75% of fresh chicken meat contains water and fluids. Since chicken meal is dried and processed pieces of chicken, the protein concentration in the final kibble is high. But what makes pet food good quality is not the total amount of protein but the amount of digestible protein and other essential nutrients.

From the aspect of digestibility, fresh meat is the best source of nutrients, vitamins and minerals. When it comes to processed food, studies have shown (Bednar et al., 2000) that the digestibility of protein and amino acids was not different between chicken meal and chicken by-product meal. However, total tract protein digestibility was 6.74% lower for canines receiving the latter.

What To Avoid to Optimise our Dog's Health?

As already mentioned, chicken by-product meal is based on lower-quality chicken parts, usually those unsuitable for human consumption. Long-term use of food containing this ingredient doesn't meet the optimal needs of our pets.

In addition, all pet owners should be aware of one more thing when reading the nutrition label. Ingredients marked as "meat by-product" or "animal by-product" refer to animal parts of unknown origin, i.e. meat meals from undetermined protein or meat sources. Consumption of such kibble can cause digestive problems if your pet has a food intolerance to particular meat because it is impossible to determine the source of this meat meal.

How Do I Know If There’s Chicken Meal or Chicken By-Product Meal in My Dog’s Food?

All dog foods must have a prominent pet food nutrition label. If chicken meal (or any meat meal) is an ingredient in the recipe, it must be listed on the label. Usually, all the ingredients are listed on the back of the package.

If I Don't Want To Feed My Dog Products Containing Chicken Meal, What Are My Options?

Natural source whole foods are easier to digest, and our pets absorb the nutrients from these foods more easily. Therefore, the best food for your pet is high-quality, whole-ingredient protein meat.

The digestive system is strongly linked to the parasympathetic nervous system, also known as 'rest & digest'; supplementing a healthy diet with bodywork that induces a state of relaxation, such as whole energy body balance for pets, is a great way to maintain or improve digestive health.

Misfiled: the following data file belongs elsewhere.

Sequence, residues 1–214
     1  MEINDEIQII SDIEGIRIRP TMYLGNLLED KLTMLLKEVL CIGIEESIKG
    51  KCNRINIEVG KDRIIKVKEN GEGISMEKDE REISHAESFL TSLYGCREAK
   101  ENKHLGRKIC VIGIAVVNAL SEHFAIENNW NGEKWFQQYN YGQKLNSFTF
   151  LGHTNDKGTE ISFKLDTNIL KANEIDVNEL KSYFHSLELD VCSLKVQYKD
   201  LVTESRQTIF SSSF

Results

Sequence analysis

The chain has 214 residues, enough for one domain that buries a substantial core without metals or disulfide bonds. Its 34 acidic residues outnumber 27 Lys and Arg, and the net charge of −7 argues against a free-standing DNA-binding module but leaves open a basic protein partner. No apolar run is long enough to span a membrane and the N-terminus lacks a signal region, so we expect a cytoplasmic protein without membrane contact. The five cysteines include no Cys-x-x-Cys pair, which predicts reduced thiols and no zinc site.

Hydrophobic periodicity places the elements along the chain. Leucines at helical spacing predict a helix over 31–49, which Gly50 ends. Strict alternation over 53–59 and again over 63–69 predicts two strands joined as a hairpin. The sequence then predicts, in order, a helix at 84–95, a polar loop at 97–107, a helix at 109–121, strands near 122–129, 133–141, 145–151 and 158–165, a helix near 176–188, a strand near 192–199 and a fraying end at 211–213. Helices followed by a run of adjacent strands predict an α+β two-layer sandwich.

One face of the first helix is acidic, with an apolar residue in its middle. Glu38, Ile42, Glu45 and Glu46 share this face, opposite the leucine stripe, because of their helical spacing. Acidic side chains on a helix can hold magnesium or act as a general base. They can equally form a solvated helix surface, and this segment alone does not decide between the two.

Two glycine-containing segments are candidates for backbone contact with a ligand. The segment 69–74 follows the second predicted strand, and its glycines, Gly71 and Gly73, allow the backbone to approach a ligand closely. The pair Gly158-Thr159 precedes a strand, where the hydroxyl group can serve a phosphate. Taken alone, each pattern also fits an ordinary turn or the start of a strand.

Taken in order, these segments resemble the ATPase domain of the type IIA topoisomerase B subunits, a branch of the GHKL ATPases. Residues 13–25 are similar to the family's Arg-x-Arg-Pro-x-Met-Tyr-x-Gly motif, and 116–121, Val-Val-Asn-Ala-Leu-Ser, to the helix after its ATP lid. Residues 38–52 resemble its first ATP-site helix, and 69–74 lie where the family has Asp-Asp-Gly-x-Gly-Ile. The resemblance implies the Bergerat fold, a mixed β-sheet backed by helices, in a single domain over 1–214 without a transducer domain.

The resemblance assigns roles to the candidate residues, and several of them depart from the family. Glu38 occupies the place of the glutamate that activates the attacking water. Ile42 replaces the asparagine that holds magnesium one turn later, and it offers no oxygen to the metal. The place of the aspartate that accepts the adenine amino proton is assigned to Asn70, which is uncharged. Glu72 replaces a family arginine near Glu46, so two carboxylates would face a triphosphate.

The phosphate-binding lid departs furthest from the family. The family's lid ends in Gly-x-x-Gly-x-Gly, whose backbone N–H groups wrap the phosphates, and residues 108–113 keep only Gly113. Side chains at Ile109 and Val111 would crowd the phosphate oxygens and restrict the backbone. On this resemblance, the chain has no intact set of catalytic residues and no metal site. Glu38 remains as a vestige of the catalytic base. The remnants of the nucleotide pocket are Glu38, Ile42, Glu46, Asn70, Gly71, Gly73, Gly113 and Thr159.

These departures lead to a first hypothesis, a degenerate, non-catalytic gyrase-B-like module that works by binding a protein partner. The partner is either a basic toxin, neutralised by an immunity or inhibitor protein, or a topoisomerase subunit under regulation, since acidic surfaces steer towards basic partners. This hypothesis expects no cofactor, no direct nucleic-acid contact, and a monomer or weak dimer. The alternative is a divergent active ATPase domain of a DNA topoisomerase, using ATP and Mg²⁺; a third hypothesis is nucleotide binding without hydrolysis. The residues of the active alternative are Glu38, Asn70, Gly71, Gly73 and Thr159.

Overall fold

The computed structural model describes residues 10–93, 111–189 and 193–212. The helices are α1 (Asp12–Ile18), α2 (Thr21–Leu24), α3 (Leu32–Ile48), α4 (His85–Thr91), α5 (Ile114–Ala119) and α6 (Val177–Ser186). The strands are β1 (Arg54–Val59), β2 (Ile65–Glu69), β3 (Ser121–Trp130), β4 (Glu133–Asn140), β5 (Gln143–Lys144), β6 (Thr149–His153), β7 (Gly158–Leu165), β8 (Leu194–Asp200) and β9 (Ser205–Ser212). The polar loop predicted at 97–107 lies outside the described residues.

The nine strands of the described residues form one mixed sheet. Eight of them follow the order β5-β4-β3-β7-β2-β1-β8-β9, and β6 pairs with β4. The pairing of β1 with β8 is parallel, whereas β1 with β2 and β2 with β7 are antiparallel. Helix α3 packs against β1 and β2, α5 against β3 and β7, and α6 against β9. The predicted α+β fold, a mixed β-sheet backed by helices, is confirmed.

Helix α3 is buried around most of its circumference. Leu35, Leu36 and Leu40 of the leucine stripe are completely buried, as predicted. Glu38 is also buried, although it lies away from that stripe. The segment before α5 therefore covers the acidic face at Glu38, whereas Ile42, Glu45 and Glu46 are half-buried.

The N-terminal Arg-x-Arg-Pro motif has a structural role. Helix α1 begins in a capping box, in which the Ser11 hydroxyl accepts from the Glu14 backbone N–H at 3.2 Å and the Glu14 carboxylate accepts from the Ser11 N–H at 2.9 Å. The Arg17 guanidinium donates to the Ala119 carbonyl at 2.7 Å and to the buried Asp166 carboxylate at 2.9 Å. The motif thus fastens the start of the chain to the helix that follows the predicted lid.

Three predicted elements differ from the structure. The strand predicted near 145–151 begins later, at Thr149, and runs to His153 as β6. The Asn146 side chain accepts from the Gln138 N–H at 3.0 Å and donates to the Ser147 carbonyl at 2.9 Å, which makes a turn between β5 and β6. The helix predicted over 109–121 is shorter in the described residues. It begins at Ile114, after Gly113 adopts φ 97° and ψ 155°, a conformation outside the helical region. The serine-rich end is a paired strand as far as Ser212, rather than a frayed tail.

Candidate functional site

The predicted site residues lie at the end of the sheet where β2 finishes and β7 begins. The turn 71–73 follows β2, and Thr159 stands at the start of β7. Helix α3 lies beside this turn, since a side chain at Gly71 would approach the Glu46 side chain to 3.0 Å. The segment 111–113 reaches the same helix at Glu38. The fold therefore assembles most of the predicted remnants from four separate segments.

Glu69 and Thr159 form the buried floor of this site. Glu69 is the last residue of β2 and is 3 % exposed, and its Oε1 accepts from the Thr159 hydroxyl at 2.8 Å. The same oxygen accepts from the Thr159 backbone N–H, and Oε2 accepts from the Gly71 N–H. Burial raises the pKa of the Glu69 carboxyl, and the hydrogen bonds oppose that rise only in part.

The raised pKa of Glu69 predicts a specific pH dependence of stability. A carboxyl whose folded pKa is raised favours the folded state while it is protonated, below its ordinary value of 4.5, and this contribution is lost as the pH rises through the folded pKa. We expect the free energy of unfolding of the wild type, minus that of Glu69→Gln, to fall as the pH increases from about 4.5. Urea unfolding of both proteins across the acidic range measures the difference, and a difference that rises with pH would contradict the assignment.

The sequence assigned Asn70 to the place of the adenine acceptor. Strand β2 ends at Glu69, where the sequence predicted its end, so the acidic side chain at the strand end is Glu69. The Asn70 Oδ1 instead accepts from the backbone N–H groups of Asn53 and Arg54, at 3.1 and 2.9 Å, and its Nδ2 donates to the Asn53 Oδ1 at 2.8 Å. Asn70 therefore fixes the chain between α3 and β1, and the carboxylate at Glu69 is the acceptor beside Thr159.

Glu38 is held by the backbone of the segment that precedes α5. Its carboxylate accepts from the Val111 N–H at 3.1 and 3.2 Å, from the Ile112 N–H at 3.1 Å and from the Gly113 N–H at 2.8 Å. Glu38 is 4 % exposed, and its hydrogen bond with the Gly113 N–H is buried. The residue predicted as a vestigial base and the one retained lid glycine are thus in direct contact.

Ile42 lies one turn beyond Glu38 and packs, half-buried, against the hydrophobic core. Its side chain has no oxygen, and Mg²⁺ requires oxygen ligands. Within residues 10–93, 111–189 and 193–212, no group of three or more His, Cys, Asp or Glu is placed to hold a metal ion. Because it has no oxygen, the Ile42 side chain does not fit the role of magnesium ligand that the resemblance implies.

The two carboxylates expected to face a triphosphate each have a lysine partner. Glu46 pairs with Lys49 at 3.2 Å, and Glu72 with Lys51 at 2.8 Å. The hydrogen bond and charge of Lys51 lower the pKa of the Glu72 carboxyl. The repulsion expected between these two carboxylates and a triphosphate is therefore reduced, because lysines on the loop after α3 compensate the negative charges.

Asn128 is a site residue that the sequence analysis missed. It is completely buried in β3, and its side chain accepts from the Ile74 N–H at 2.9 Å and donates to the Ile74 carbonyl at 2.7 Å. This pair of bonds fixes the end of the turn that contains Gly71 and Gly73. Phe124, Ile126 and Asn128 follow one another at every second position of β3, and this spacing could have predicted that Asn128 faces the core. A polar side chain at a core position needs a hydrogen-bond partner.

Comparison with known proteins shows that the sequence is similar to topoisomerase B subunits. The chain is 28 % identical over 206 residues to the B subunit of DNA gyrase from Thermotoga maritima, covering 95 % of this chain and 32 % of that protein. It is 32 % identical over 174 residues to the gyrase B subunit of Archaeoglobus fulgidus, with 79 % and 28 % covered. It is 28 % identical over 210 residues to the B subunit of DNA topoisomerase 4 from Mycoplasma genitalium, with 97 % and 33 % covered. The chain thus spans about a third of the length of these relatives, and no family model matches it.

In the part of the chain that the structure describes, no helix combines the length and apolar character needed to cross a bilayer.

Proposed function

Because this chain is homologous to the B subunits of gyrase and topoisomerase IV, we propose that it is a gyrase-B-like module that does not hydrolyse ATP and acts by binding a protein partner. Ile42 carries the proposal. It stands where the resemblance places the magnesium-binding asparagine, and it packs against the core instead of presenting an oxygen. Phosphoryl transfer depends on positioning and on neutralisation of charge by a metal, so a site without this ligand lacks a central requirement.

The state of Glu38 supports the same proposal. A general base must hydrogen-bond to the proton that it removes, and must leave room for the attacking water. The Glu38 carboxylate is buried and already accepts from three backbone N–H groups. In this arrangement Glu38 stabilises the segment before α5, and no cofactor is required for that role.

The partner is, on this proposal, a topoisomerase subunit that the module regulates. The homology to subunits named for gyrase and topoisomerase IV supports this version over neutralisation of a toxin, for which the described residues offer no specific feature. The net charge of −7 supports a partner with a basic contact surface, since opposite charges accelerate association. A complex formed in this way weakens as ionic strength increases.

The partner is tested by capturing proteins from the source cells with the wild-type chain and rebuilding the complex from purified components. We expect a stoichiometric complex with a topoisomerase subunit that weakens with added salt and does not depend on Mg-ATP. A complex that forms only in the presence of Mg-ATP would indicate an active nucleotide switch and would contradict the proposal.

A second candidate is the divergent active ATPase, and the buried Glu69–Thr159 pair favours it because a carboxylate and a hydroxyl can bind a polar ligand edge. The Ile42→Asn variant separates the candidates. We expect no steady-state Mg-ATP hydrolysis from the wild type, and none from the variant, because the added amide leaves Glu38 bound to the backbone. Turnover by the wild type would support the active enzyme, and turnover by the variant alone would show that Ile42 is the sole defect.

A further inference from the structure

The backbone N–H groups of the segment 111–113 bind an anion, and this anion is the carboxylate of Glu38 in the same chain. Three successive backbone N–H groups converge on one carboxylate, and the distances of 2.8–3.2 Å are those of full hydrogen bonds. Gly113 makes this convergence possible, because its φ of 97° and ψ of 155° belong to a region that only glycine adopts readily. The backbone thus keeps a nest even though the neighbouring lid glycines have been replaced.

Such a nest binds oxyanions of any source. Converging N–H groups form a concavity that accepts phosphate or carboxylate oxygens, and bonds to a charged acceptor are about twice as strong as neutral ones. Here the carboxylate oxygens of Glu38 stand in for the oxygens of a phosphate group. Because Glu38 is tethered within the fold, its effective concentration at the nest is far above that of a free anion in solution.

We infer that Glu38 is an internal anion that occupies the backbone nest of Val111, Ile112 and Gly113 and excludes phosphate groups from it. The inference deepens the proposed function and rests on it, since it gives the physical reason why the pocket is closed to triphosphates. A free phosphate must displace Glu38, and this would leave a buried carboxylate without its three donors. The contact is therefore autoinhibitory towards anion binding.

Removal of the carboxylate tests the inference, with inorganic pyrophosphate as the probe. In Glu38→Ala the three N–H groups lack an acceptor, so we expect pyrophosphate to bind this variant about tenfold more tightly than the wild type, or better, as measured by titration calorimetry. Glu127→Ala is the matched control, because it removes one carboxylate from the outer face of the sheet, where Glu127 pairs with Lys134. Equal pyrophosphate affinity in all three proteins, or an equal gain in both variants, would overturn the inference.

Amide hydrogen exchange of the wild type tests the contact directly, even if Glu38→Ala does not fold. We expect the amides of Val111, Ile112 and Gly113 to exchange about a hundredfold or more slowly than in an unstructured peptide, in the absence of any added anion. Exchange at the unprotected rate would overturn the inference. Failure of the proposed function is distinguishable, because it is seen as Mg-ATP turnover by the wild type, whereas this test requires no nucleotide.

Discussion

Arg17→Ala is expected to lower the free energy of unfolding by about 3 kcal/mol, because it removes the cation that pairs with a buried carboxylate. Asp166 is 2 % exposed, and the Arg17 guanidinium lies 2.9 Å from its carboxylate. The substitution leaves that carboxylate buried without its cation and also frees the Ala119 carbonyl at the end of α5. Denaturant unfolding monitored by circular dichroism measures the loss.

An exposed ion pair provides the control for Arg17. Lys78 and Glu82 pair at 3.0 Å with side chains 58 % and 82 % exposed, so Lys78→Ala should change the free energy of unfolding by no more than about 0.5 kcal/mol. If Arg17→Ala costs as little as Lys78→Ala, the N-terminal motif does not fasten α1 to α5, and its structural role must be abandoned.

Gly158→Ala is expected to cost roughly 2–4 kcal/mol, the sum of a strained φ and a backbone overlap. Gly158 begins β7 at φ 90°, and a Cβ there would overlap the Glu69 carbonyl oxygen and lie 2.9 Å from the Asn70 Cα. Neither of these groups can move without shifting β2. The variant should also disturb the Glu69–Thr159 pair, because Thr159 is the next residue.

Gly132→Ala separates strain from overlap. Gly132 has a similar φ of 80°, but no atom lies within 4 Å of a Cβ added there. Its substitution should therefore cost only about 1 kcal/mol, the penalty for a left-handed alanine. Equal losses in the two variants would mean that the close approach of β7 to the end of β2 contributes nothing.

Here are some options alternative options to consider incorporating into your pet's wholesome diet.

Fresh, cooked chicken; has a high digestibility of all essential amino acids that dogs need to remain healthy and active regardless of age to have excellent joint function and a reduced risk of inflammation.

Beef can be a rich source of energy for our dogs. It is especially beneficial to occasionally feed them with beef hearts, the composition of which contributes to strengthening muscles, generating energy and increasing endurance.

A dog's diet of fresh meat often includes duck necks, which support the health and strength of bones and teeth.

Like humans, omega-3 acids are essential for healthy dogs. A rich source of omega-3s is salmon.

Final Thoughts on Chicken Meal in Pet Foods

The question "what is chicken meal in dog food" turns out to come with a complex answer.

Proper nutrition plays an irreplaceable role, which is why it's important to give dogs food rich in protein and other nutrients from proven sources that are easily digestible. Chicken meal is not necessarily harmful to dogs, but since it comes from parts of chicken of lower nutritional value, it is not the optimal solution for complete dog nutrition. Combining it with whole, fresh meat can increase the nutrient value of your pet's diet.

We always recommend talking to your veterinarian or a canine nutritionist to get individual advice that is right for your pet before embarking on a new diet.

However, when feeding processed food, it’s essential to check the nutrition label and be aware of the ingredients. Chicken by-product meal (from low-quality chicken parts) and meat by-product/animal by-product (because it's meat from an unknown source) should not be the first diet choice.

The bottom line is that we want to keep our pets happy and healthy. Everyone needs quality nutrition and regular activity to maintain good physical health, whether we have a puppy, an adult, or a senior dog. Healthy exercise complements a healthy diet; read about Canine Fitness Programs and Fitness for Older Dogs.